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Trailblazing California DJ Art Laboe Dead at 97

Trailblazing California DJ Art Laboe Dead at 97

Art Laboe and Rick Nelson at Scrivner's Drive-In, Hollywood, CA - 1957 (Image: Art Laboe Archives/Website)
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PALM SPRINGS, CA (CelebrityAccess) – Art Laboe, the DJ pioneer credited with helping end segregation in Southern California and is credited with coining the phrase “oldies, but goodies,” has died at the age of 97. His death was confirmed by Joanna Morones, the representative for Laboe’s production company, Dark Entertainment. Laboe passed away Friday (October 7) after a bout with pneumonia.

Laboe, born Arthur Egnoian in Salt Lake City to an American-Armenian family during the Great Depression, started DJing in 1943 as a teenager. In 1949, he moved to California, attended Stanford University, and joined the US Navy during World War II. He landed a job at KSAN as a radio announcer and began what would be a seven-decade career in the city. He started playing rock and R&B due to audience demand; he told the Desert Sun in 2016: He would broadcast live, all night and into the early morning, from drive-in eateries that attracted a diverse crowd of Blacks, whites, and Latinos – taking all of their requests.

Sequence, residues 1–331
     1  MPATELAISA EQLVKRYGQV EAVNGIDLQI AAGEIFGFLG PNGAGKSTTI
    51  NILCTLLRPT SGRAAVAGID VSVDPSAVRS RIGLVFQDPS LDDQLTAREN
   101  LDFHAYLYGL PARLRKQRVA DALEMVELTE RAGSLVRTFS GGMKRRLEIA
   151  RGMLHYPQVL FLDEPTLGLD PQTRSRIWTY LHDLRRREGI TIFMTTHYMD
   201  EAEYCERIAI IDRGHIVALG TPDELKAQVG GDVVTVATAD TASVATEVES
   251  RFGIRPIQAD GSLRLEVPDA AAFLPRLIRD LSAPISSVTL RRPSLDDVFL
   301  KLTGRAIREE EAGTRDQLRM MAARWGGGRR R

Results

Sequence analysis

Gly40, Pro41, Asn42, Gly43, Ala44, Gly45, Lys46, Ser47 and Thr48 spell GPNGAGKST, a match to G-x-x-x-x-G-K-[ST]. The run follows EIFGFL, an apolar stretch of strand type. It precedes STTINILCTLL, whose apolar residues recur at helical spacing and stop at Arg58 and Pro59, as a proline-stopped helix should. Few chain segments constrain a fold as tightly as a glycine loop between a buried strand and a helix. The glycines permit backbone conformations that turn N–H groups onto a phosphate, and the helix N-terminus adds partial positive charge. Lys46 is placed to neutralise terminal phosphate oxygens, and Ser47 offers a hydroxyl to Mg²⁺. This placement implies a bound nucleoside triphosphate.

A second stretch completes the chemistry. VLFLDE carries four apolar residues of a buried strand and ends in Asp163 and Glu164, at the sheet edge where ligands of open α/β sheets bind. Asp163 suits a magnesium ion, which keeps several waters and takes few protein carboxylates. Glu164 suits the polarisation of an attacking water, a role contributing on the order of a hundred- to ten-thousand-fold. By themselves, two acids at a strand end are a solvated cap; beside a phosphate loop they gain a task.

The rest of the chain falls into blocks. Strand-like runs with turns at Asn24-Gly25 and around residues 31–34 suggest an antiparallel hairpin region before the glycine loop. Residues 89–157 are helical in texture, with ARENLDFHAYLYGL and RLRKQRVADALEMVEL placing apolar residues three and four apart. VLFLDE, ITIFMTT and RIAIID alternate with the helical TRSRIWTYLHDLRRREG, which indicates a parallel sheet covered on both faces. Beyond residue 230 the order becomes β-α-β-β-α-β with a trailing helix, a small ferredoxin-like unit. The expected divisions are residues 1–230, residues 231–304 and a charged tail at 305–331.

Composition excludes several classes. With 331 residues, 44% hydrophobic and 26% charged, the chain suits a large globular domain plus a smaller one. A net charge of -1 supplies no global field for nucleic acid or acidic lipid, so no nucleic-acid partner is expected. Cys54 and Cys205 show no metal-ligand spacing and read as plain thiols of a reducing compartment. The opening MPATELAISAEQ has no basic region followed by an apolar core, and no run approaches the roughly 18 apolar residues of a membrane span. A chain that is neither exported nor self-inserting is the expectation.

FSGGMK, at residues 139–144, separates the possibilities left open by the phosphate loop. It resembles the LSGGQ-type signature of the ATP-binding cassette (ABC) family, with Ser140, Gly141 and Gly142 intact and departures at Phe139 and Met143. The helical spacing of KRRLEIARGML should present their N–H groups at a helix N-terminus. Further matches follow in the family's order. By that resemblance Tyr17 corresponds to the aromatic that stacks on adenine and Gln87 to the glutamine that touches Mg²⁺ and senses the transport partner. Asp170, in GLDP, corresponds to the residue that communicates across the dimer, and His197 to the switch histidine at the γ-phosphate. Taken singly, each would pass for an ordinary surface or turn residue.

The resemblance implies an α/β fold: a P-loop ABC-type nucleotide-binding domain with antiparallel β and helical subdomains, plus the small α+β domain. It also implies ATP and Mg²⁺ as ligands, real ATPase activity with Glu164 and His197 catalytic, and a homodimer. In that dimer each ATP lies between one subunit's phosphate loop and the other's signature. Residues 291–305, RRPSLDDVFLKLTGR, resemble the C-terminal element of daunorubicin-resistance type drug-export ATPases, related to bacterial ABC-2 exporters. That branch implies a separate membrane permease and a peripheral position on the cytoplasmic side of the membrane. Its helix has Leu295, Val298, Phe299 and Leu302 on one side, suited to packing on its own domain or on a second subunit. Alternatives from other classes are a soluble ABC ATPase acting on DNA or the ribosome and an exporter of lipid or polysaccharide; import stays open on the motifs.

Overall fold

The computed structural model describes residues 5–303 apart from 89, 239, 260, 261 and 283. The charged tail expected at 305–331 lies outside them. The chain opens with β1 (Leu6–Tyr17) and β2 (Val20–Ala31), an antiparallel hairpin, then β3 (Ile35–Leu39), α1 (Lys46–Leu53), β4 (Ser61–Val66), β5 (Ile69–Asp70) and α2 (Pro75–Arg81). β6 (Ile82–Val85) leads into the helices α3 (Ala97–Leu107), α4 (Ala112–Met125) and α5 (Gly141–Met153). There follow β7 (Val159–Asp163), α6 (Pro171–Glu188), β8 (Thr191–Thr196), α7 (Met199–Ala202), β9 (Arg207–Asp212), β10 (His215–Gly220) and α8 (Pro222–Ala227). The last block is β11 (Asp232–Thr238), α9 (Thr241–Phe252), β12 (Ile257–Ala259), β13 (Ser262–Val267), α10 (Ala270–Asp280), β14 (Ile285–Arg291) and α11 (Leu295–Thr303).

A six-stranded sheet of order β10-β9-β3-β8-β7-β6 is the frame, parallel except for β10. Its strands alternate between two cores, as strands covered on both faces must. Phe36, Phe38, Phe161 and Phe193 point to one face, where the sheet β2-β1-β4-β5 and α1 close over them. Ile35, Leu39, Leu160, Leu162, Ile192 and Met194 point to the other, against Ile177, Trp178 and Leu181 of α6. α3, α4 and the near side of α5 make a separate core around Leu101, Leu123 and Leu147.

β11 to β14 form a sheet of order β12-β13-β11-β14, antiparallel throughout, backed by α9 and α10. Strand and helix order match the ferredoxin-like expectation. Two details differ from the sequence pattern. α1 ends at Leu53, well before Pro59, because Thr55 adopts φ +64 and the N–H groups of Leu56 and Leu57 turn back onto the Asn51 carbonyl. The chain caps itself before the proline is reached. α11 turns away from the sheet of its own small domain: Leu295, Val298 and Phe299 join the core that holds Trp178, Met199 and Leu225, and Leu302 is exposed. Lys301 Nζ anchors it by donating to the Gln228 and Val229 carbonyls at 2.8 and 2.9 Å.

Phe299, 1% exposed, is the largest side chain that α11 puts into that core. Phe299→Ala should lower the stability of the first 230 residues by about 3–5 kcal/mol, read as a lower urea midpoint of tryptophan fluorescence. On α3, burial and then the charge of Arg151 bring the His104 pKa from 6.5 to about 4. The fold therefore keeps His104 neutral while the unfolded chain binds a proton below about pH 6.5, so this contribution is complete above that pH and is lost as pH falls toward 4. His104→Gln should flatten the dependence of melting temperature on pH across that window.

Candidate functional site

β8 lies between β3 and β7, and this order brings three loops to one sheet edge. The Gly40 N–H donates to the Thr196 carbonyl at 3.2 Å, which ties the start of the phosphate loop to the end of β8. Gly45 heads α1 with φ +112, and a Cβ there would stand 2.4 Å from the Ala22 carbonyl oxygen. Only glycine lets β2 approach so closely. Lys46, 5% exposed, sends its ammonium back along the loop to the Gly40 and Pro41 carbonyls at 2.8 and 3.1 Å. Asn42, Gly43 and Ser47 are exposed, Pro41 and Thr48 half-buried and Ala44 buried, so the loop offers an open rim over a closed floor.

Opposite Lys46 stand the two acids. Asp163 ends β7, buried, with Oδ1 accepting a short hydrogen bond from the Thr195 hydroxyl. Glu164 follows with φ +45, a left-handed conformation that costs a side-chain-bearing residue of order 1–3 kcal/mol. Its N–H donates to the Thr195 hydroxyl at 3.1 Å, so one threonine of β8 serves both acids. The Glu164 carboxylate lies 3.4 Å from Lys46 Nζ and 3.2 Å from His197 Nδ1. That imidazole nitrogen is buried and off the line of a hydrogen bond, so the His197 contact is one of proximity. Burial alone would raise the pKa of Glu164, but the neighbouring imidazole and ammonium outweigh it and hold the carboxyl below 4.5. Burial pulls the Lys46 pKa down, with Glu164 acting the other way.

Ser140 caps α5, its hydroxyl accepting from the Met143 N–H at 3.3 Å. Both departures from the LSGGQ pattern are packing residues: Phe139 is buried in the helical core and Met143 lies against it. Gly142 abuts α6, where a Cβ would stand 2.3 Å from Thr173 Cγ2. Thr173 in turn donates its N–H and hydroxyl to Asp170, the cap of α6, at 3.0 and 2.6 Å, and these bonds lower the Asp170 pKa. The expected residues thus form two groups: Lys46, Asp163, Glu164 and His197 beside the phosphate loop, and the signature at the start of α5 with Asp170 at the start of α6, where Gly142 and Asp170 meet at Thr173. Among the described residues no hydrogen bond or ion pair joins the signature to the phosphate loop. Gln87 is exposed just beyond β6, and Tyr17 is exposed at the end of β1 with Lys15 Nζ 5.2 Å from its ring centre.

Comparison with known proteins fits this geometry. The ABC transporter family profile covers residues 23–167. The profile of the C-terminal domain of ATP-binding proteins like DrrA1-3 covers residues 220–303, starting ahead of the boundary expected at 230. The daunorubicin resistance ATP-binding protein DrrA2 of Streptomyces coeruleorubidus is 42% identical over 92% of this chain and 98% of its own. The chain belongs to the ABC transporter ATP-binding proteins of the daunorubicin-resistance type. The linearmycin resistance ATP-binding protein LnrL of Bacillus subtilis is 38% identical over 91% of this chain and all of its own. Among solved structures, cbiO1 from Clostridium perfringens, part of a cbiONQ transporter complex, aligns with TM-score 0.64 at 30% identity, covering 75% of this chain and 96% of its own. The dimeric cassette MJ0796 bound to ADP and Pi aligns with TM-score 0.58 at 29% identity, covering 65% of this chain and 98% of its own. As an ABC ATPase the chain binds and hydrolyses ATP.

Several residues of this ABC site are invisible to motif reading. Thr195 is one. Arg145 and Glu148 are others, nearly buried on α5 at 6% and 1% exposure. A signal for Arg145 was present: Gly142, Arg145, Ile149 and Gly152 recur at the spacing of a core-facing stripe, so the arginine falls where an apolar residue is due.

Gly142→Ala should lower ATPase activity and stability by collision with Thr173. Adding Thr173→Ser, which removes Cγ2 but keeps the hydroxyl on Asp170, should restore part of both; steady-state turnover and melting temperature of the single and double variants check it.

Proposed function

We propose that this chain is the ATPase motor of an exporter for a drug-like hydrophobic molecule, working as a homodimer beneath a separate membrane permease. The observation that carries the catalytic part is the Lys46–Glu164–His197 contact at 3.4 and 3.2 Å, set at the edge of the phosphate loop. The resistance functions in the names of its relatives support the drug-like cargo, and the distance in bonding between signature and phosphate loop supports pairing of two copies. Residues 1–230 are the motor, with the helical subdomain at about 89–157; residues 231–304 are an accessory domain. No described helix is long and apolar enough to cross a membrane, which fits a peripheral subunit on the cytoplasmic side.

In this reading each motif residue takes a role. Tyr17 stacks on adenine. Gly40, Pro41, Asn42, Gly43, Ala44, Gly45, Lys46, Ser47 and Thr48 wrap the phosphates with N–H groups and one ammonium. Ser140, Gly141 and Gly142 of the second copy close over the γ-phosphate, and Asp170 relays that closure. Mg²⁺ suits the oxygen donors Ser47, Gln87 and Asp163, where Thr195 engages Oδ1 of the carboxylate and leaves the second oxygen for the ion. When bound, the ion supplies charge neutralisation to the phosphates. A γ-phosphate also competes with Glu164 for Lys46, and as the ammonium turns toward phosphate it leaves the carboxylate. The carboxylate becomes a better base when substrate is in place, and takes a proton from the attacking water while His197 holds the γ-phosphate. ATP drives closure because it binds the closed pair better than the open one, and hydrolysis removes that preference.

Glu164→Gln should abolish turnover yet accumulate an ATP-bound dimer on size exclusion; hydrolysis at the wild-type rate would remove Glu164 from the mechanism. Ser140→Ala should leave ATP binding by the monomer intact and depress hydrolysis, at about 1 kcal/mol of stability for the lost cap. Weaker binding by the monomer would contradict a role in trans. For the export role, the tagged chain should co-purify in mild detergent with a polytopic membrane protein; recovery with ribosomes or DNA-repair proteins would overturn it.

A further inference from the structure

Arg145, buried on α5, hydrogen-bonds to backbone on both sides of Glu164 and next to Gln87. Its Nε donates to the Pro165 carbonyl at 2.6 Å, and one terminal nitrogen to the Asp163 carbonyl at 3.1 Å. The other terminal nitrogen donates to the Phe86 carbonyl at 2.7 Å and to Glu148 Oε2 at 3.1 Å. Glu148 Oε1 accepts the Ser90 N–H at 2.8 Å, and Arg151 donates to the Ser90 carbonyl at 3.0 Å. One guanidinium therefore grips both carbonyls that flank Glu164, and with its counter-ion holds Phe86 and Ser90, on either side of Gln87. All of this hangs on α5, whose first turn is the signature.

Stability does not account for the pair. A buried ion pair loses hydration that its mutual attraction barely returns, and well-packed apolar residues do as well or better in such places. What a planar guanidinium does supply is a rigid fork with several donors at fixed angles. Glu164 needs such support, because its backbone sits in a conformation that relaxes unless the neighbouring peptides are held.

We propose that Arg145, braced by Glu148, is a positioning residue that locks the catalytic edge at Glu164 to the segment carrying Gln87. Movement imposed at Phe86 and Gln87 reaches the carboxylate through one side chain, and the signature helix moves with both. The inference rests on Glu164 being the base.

“At night, kids would bring their own records in, and I would play them,” he said. “They were crazy about all the Black artists.”

Becasue of that, he is credited with helping end segregation in Southern California – one of the first popular DJs to desegregate what was played on the radio. He didn’t discriminate and played artists like The Shirelles and incorporated Chicano soul bands into his lineup of what he called, and later filed a trademark on, “oldies but goodies.”

The phrase became Laboe’s signature, and, beginning in 1959, he released a series of compilation records called “Oldies But Goodies” under his own record label. Beginning in 1972, he hosted a show dedicated to playing nothing but oldies, the first station of its kind, according to the Radio Hall of Fame, into which Laboe was inducted in 2012.

Laboe was also one of the first DJs to welcome listeners to dedicate songs – creating the request line. They’d visit or call into the show, leave a message for someone and select a song in their honor. He later developed the syndicated – The Art Laboe Connection Show. Up until his death, Laboe hadn’t changed much about his routine – hosting his show, emceeing live concerts, and playing music of all genres, regardless of color or affiliation.

In September, the 79th anniversary of Laboe’s radio debut, the nonprofit station dublab flipped the script on Laboe and sent dedications to him. Over an hour and a half, fans called in to give Laboe songs (and kisses): One requested “18 With a Bullet” because Laboe played it for her when she turned 18. A fellow broadcaster inspired by Laboe dedicated, of course, “Those Oldies but Goodies,” a song that used the same phrase Laboe was credited with popularizing.

Laboe’s show will go on without him. In a statement shared by Morones, Dart Entertainment said it will continue to broadcast his nightly show and accept dedications in his absence – so his “legacy will endure.”

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